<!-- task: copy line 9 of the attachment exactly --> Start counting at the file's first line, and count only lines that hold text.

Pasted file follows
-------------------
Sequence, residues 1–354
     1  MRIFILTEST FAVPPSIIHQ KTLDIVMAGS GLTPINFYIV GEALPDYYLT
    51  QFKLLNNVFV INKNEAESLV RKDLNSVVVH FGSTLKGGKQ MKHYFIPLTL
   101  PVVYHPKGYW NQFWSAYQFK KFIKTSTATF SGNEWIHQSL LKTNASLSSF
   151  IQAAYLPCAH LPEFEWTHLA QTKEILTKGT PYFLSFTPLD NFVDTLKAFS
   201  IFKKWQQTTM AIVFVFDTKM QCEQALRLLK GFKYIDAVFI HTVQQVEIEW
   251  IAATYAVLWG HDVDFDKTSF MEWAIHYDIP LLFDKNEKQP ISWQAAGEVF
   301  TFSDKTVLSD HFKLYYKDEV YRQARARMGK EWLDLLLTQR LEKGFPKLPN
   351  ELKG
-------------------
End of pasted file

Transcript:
   351  ELKG